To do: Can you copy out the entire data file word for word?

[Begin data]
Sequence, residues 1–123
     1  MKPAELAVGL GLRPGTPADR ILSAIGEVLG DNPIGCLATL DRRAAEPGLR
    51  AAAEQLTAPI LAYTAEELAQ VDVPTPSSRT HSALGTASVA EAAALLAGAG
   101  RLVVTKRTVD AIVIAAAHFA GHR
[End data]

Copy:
Sequence, residues 1–123
     1  MKPAELAVGL GLRPGTPADR ILSAIGEVLG DNPIGCLATL DRRAAEPGLR
    51  AAAEQLTAPI LAYTAEELAQ VDVPTPSSRT HSALGTASVA EAAALLAGAG
   101  RLVVTKRTVD AIVIAAAHFA GHR